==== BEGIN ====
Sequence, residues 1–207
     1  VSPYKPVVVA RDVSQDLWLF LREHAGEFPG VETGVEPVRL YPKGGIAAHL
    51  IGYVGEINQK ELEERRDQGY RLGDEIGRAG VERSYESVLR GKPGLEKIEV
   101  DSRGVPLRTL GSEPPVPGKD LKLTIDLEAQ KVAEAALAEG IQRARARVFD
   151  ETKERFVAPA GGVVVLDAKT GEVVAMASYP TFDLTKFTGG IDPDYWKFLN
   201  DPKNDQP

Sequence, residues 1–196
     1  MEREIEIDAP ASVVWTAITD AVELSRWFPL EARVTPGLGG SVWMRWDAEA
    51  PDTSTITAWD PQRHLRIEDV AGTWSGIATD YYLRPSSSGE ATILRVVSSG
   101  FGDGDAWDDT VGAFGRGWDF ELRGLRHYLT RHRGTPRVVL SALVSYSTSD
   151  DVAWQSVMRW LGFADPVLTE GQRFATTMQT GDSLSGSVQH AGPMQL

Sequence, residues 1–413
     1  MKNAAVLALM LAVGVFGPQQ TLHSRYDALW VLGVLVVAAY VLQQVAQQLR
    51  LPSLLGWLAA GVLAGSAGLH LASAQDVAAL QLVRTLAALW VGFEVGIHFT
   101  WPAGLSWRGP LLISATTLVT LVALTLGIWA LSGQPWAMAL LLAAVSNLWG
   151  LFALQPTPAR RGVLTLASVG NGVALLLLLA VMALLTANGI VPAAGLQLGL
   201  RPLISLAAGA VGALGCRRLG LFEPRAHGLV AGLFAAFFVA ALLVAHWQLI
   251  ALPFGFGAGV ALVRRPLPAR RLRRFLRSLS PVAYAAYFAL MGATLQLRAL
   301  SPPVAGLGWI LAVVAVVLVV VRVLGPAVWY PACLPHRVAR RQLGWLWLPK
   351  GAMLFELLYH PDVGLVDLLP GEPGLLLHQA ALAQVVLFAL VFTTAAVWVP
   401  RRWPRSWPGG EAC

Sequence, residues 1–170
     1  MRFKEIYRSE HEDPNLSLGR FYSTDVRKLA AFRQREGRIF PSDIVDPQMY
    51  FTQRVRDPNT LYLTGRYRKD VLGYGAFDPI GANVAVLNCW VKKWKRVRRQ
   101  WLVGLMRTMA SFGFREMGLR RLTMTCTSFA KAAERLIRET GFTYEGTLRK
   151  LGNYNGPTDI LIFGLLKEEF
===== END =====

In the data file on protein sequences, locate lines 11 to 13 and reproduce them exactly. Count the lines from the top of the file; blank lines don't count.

   151  DVAWQSVMRW LGFADPVLTE GQRFATTMQT GDSLSGSVQH AGPMQL

Sequence, residues 1–413
     1  MKNAAVLALM LAVGVFGPQQ TLHSRYDALW VLGVLVVAAY VLQQVAQQLR